Interracial Marriage Was Actually Illegal In 16 States In 1967 (Loving v. Virginia)

Culture | June 12, 2020

Married couple Mildred and Richard Loving (1933 - 1975) embracing at a press conference the day after the Supreme Court ruled in their favor in 'Loving v. Virginia,' June 13, 1967. (Photo by Francis Miller/The LIFE Picture Collection via Getty Images)

The Supreme Court ruling in Loving v. Virginia found that state laws against interracial marriage were unconstitutional -- and there were 16 states with such laws on the books in 1967. The courageous couple Mildred and Charles Loving had been branded felons in, and in fact exiled from, their home state of Virginia, and they knew this couldn't be right. Not in the United States, with its noble principles enshrined in the Constitution -- right? Well, no. America's deep-seated issues with race, dating back to slavery, were responsible for many laws and customs that today stand out as obviously -- even comically -- unjust. But in the '60s, when black Americans were fighting to go to the same schools as whites and use the same drinking fountains, laws against interracial marriage were just another manifestation of the white supremacist attitudes that sought to legislate racial purity.

Prior To Mildred And Richard Loving

Racists need exposing more than ever. (contexts)

The first attempts to end the ban on interracial marriage, named the anti-miscegenation laws, came nearly 20 years after the end of the Civil War. In 1883 Pace v. Alabama, the U.S Supreme Court ruled that Alabama’s racist anti-miscegenation law was constitutional because it punished blacks and whites equally. The justification would be hilarious if it weren’t so pathetically depressing and sad.

By the mid-1950s, almost 100 years after the Civil War, more than half of the states in the country still had laws restricting interracial marriage and couples. The entire South refused to budge on laws that would narrow the chasm of racial inequality. 

Love Is Blind

Judge Leon Bazile, a despicable human being. (slideshare)

Enter Mildred Jeter, a Black and Native American woman, and Richard Loving a white construction worker. They were both from Virginia and grew up as friends who eventually fell in love. In 1958 they went to Washington D.C, where interracial marriage was legal, exchanged vows, and returned home to Virginia.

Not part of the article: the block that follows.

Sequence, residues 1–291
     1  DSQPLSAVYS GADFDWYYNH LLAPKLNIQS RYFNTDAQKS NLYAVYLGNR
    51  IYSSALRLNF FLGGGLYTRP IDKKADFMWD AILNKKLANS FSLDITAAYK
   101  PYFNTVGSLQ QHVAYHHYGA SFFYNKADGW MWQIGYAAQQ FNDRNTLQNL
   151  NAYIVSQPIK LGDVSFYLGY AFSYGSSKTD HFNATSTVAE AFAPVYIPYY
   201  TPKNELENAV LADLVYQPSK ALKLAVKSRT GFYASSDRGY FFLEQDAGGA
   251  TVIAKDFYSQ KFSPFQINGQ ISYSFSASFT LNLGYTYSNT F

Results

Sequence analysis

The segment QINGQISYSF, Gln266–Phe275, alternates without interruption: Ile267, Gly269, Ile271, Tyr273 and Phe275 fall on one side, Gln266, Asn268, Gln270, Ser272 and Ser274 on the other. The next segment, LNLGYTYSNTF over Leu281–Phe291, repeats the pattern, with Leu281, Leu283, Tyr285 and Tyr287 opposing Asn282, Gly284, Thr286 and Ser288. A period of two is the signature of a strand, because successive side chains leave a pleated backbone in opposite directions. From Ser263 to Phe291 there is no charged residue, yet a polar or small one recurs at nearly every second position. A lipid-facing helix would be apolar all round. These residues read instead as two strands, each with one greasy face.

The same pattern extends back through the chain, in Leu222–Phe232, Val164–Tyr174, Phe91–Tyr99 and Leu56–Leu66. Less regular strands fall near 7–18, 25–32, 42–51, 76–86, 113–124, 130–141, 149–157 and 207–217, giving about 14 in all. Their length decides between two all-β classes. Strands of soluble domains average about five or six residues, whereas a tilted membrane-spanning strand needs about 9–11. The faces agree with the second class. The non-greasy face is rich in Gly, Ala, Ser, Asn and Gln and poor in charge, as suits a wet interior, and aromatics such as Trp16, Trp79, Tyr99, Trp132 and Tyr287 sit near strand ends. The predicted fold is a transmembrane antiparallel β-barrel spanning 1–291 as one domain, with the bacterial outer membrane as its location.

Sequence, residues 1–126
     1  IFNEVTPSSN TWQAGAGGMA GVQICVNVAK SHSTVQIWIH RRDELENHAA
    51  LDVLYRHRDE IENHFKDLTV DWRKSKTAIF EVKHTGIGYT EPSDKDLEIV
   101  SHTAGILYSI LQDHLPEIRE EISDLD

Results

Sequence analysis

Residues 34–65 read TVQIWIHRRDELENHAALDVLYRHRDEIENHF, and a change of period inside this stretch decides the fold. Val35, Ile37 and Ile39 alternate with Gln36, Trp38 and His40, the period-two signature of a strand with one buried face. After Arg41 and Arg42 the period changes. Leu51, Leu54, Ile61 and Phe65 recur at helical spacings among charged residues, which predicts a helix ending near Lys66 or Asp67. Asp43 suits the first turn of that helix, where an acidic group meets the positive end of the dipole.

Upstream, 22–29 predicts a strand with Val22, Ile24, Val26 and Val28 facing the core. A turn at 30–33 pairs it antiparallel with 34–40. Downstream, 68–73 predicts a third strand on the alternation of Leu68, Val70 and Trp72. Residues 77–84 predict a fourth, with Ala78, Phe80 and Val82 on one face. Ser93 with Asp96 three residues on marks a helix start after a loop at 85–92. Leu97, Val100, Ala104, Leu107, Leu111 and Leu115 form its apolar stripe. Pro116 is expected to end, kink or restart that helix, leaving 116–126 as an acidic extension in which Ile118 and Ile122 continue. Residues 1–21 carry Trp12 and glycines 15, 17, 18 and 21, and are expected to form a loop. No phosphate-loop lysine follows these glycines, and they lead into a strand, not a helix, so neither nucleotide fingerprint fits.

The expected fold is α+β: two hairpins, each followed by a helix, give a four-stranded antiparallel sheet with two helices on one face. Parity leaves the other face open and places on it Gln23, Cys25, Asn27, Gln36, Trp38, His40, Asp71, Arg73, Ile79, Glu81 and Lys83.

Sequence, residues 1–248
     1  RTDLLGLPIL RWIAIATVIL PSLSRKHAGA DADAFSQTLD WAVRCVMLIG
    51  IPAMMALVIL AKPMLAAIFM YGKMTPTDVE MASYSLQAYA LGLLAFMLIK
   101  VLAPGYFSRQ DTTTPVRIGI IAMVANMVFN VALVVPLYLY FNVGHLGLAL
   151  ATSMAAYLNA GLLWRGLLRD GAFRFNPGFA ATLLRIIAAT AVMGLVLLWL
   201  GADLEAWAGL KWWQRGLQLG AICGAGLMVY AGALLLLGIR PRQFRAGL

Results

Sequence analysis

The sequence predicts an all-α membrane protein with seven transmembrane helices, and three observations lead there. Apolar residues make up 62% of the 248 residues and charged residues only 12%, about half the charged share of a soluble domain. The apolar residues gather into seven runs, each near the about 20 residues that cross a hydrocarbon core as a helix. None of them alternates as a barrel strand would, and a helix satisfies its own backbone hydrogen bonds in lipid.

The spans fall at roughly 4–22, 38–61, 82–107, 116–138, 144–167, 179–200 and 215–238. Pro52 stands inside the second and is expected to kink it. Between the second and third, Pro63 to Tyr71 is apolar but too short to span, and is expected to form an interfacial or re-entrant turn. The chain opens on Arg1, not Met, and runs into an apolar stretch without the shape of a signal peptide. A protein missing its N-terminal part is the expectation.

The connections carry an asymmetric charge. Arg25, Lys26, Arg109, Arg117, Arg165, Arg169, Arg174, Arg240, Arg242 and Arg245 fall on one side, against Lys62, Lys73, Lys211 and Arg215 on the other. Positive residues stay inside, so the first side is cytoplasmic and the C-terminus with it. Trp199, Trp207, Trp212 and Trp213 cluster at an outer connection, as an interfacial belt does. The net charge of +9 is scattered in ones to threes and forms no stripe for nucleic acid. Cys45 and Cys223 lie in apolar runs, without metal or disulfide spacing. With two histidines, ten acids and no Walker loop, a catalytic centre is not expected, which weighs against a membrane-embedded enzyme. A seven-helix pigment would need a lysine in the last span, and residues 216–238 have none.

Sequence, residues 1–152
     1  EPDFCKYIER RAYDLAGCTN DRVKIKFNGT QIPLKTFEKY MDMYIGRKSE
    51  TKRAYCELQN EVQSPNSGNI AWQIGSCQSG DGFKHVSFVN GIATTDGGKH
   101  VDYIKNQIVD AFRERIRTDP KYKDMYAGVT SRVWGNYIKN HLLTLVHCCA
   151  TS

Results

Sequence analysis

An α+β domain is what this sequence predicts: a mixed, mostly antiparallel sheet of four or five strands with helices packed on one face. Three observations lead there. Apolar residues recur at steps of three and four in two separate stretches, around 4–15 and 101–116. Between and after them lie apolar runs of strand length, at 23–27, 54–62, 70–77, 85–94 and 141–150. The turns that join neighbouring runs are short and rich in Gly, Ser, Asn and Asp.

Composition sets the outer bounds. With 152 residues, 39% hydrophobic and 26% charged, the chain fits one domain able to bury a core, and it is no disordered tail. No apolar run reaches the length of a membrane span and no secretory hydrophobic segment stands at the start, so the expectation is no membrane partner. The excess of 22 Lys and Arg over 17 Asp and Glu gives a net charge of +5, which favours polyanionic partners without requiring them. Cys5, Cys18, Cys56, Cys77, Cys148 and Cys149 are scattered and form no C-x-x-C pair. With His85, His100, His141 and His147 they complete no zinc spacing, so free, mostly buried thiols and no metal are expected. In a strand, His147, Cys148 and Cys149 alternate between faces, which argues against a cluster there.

Five weeks after their wedding, at 2 in the morning, the local sheriff roused them out of their bed and interrogated them, “Who is this woman you’re sleeping with?” Mrs. Loving responded, “I’m his wife.”The Sheriff answered “That’s no good here” and arrested them on charges of violating Virginia’s anti-miscegenation law.

Under Virginia’s 1924’s Act to “Preserve Racial Integrity,” interracial marriage was illegal and those who violated the law faced 1 to 5 years in prison. The couple pled guilty and received one year in prison. In his ruling, Judge Leon M. Bazile said,“If God had meant for whites and blacks to mix, he would have not placed them on different continents.”

He also reminded the Lovings that “as long as you live you will be known as a felon.” However, the sentence was suspended on the condition that the couple would leave Virginia and not return together for 25 years. 

The Lovings Were Homesick For The State That Had Exiled Them

They fought for their children's rights and their own. (history)

The Lovings moved to Washington D.C and raised three children together. Nevertheless, they yearned to return to their hometown. Looking for help, Mildred wrote a letter to U.S Attorney General Robert F. Kennedy explaining their situation. Kennedy passed the letter onto the American Civil Liberties Union, which took up the Loving’s case.

First, their lawyers, Bernard Cohen and Philip Hirschkop, filed a motion asking Judge Bazile to strike their conviction and erase their sentences. He refused. So they took their case to the Virginia Supreme Court of Appeals, which also upheld the original ruling. Four years after they began their odyssey for the right to love regardless of race, the case reached the United States Supreme Court in April 1967.

Racist Laws Only Make Sense If You're Racist

The love that broke down barriers inspired a movie. (medium)

Virginia’s Assistant Attorney General Robert D. McIlwaine III compared interracial marriage to incest and polygamy. The good guys argued that the 14th Amendment of the Constitution, which guarantees all citizens due process and equal protection under the law, should allow the Lovings to marry. As Hirschkop argued, “These are not health and welfare laws. These are slavery laws, pure and simple.”

Love Conquers Hate

Together forever. (wikiwand)

On June 12, 1967, the Supreme Court ruled unanimously that Virginia’s interracial marriage law violated the 14th Amendment to the Constitution. “Under our Constitution, the freedom to marry, or not marry, a person of another race resides with the individual, and cannot be infringed by the state,” said Chief Justice Earl Warren. The ruling left the Lovings to love wherever they wanted and overturned similar laws in 16 states.

However, the hands of justice move slowly. Many states dragged their feet on changing their racist laws. It wasn’t until the year 2000 that the last state, Alabama, removed anti-miscegenation laws from their books. Loving v. Virginia also helped pave the way for same-sex marriages in 2015. 

Tags: Interracial Marriage | Loving v Virginia | Racism | Remember This?... | The Civil Rights Movement | U.S. Supreme Court

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Kellar Ellsworth


Kellar Ellsworth was born and raised in Hawaii. He is an avid traveler, surfer and lover of NBA basketball. He wishes he could have grown up in the free love era!